The Egyptians used mummification to try and assure themselves that immortality could be achieved. Even today, the society has not changed as much with regard as to whether immortality could be achieved or not. There is only little difference in that the technology has changes so much (Ettinger 138). Today, cryonics uses extremely low temperatures to preserve the bodies so that it remains intact for possible future resuscitation. .
There is a basis of fear of dying and individual transcendence in cryonics which are facts that are addressed slightly different today because of advanced technology giving hope but all the same the basis of the process is not so unique to humanity (Best 495). This is why Egyptian through that preparing the mind for death and also setting them body to survive after death would make a person survive death and then get closer to their gods.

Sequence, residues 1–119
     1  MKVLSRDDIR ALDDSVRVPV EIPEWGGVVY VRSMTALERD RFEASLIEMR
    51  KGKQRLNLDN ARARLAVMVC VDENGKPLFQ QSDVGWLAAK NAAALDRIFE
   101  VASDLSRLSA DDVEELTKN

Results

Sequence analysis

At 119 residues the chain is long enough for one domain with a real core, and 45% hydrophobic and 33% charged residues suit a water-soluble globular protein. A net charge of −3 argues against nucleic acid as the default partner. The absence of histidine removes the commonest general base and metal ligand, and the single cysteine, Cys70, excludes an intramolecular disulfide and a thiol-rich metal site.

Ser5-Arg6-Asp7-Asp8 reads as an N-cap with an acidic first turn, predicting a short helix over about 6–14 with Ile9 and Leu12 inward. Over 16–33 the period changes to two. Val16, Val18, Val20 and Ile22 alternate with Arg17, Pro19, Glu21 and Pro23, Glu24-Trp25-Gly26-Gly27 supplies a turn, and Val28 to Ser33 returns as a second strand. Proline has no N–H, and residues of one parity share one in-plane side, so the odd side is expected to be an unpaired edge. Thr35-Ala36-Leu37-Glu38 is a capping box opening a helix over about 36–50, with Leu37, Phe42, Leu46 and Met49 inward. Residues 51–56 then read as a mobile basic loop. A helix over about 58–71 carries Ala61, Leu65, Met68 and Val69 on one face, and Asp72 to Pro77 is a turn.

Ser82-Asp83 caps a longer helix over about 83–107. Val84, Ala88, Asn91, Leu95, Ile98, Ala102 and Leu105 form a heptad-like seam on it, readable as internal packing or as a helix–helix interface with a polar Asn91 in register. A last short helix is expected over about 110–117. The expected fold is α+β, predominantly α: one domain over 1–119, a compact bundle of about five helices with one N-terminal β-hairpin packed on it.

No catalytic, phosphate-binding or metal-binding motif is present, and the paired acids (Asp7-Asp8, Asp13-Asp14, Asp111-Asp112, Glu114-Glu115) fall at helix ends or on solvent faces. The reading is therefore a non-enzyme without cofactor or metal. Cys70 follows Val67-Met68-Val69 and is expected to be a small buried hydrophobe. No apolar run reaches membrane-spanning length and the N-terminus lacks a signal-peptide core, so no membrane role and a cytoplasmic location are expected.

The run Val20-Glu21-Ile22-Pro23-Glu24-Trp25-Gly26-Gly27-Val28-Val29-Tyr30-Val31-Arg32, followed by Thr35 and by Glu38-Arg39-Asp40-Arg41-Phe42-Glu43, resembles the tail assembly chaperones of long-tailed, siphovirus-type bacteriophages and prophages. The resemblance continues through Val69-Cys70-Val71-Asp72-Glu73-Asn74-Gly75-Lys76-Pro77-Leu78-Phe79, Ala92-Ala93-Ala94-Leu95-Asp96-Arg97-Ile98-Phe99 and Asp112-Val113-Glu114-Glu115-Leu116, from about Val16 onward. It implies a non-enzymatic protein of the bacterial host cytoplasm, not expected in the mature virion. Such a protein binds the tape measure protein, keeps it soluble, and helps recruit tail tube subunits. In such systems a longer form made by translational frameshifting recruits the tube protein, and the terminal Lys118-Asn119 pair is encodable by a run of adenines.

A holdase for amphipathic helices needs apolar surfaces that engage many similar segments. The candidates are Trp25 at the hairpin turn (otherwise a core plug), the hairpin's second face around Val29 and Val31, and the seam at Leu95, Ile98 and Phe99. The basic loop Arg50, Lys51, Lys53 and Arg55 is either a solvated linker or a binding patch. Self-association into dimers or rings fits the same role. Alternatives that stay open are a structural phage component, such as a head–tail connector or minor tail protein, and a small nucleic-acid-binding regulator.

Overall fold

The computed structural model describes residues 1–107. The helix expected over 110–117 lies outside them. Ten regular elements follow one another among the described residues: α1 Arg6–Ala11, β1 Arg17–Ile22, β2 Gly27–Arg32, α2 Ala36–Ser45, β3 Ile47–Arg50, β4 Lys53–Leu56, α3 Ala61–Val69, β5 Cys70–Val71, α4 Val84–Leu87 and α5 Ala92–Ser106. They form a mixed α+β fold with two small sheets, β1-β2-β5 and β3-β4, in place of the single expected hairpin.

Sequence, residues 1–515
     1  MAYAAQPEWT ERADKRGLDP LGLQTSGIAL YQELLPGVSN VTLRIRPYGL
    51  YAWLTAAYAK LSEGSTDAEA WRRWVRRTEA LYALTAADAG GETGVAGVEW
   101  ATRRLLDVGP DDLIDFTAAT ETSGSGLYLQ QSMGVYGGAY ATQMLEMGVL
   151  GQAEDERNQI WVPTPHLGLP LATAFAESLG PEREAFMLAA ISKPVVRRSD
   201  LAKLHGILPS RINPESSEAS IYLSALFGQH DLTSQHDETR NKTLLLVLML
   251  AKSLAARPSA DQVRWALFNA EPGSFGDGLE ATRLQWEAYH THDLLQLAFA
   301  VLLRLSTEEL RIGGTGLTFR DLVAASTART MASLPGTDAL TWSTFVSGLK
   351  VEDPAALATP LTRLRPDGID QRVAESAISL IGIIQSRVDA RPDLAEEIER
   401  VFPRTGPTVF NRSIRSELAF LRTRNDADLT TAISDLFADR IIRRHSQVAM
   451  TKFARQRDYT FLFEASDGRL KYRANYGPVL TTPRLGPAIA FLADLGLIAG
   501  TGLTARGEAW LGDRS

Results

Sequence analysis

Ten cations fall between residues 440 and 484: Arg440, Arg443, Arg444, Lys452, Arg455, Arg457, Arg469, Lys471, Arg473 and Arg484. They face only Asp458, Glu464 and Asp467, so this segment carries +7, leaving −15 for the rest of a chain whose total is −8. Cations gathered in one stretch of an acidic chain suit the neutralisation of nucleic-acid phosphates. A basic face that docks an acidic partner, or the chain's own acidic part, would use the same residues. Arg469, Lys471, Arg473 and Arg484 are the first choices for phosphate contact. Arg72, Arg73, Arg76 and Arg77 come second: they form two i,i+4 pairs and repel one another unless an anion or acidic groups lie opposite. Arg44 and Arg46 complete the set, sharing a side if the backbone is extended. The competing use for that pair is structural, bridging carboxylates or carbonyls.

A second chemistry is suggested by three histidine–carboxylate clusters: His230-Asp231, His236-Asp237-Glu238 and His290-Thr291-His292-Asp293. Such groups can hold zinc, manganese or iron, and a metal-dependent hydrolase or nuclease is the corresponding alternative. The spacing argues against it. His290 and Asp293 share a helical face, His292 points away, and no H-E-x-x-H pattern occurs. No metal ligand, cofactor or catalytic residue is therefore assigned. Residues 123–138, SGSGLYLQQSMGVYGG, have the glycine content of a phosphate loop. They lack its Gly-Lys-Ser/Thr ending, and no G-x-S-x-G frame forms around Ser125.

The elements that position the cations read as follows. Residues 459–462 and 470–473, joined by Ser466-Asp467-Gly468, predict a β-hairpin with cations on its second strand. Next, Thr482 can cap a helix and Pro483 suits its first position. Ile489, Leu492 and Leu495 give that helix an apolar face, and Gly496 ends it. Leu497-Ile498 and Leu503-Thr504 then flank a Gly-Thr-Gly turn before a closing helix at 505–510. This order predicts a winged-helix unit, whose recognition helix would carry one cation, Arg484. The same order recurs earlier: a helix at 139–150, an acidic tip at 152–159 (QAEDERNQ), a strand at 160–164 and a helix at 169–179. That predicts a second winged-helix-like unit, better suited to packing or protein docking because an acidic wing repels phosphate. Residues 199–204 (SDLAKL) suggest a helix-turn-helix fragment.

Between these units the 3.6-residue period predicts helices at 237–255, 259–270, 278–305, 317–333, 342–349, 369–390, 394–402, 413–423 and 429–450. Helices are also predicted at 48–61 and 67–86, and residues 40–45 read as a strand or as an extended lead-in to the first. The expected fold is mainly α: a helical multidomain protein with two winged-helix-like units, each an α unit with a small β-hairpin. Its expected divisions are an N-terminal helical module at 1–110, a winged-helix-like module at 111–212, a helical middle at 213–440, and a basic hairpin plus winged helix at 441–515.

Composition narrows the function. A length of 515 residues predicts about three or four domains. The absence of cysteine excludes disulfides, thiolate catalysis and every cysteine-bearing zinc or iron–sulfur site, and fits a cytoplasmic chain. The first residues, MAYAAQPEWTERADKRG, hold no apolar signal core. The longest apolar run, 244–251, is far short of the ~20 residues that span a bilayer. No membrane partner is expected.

There is a possibility that religions could have possibly evolved from the fear that human have concerning death so that they can inspire hope to each other. Many religions promise life after death and judgment which often makes people to struggle and try to live normal lives without sin or crime. Even whether the need for religion is trained or innate; human beings are greatly affected by it with regard to their behavior and ventures.
Essentially, cryonics is not religion in itself but it interacts with religion a great deal. Religions like Christianity offers hope to its followers because naturally human beings are fearful of death. Buddhism on the other hand teaches three most popular beliefs one of which teaches attaining salvation through personal survival.